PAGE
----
Wanted: a radical rethink on suspect bowling actions
Muttiah Muralitharan: 'not an outlaw technically speaking, but just an unusual human being'
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Whisper it softly, but cricket is on the verge of destruction. Fifth-columnists are bringing the game to its knees, distorting records, and cheating the public. We -- the faithful -- must react by any means necessary to rid our sport of this cancer. Indeed, we must over-react --because that is what the sages and the administrators want us to do. We must, we are being told, reclaim our game from the filthy ravage of chuckers and throwers, cheats and necromancers, who are as bent as their elbows.
Bobby Simpson -- neatly before Australia's trial by Murali -- demands action, as does the ICC with statements and a reconnaissance unit at the Under-19 World Cup. With Bishan Bedi singing his favourite tune as well, you might think that cricket's edifice is about to be destroyed. Excuse me for dissenting, but this criminalisation of bowlers is starting to grate. This is a witch-hunt that Joe McCarthy, the zealous American anti-Communist senator of the 1950s, would have been proud of. It is one that I would suggest is just as abominable.
ICC's stance on throwing is flawed for four central reasons. The first is familiar to epidemiologists and statisticians: increase monitoring, screening, and awareness of any particular condition, and the rate of detection will inevitably rise. More people have a diagnosis of cancer now because we have more comprehensive and sophisticated methods of detection. More children are diagnosed with autism because doctors are more aware of the diagnosis. Throwing is no different. Our apparent modern-day epidemic is more to do with what can be detected by super slo-mo and square-on cameras than with a genuine increase in bowlers with bent arms. Why should today's cricketers be penalised for playing the game exactly as it has always been played?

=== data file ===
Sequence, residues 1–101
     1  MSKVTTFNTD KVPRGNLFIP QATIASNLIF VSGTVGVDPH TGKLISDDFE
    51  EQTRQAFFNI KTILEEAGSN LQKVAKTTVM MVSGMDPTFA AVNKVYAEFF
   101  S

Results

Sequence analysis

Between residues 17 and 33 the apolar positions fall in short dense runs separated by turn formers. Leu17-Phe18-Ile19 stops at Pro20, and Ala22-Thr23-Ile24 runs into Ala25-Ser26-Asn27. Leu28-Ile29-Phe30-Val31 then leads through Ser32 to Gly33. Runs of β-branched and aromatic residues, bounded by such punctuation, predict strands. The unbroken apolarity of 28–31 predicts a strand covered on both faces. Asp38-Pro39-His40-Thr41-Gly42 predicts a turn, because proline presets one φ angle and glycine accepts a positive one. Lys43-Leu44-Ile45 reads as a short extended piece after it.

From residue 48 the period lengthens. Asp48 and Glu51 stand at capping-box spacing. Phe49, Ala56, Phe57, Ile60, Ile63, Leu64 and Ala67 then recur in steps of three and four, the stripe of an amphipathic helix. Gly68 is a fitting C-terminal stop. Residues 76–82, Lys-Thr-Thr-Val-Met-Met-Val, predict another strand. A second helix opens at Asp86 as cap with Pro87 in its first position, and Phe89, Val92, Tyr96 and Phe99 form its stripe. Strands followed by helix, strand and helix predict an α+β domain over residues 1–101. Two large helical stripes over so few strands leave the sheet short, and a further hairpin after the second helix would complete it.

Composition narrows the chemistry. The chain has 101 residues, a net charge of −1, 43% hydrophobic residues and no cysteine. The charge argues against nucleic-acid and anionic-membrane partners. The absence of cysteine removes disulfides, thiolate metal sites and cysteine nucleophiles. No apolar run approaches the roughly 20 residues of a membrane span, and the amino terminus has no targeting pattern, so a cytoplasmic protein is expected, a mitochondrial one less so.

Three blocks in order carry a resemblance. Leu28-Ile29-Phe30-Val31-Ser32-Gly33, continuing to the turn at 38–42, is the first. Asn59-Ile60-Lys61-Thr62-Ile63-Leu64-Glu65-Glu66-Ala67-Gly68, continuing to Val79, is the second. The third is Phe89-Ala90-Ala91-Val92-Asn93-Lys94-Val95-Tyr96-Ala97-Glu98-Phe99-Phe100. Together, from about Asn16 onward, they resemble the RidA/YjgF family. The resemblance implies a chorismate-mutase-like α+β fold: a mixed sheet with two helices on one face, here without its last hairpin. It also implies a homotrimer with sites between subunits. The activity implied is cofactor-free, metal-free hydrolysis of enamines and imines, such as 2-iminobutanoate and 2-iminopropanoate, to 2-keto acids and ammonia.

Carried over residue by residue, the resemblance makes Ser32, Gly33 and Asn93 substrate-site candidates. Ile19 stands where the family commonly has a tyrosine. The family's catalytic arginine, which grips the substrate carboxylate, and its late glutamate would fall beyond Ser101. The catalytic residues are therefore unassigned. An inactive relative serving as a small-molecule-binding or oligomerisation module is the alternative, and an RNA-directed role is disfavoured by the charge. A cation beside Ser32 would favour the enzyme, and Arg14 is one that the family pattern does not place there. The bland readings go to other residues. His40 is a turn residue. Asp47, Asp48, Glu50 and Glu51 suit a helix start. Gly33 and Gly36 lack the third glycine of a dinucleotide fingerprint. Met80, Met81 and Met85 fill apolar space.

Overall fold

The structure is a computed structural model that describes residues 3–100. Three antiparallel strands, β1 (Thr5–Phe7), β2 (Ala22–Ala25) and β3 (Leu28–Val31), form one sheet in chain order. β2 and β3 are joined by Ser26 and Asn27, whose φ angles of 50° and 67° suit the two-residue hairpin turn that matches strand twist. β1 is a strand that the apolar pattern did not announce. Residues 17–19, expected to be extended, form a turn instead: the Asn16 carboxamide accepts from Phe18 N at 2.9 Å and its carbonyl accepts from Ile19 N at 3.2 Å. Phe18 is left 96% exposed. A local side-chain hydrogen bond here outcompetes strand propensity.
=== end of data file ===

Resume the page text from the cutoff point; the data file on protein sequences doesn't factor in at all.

Next there is the issue of defining normality. Shoaib Akhtar and Muttiah Muralitharan are perhaps the two most exciting and destructive bowlers on the planet. Yet both are abnormal by some definitions -- Shoaib with hyper-extensible joints and wide carry angle (elbow) that place him outside the letter of the law but within the spirit of it, and Murali with a fixed-flexion elbow deformity that means he is not an outlaw technically speaking, but just an unusual human being. Yet both are easy targets for cricketers past and present who are blissfully ignorant of the rules of the game they claim to have mastered. Nonetheless the trauma of the bowlers' experiences reveals that the rules are ill-designed to cope with natural human variation. It's also abnormal to have the wrist power of VVS Laxman or the height of Joel Garner, but no-one suggested banning them.
ICC's process is also too complex: too many stages, too many mechanisms for review, too many doubts as to who is supposed to be doing what. Also there are issues of conflicts of interest. A cricket board pays an academic institution -- like the University of Western Australia -- to provide a report on its tarnished bowler and advise on how to legitimise his action. In effect, the board is paying for a judgment. I have no reason to doubt the University of WA: indeed, it is a highly esteemed institution. But you can see how the system could be distorted, certainly if you believe that he who pays the piper calls the tune.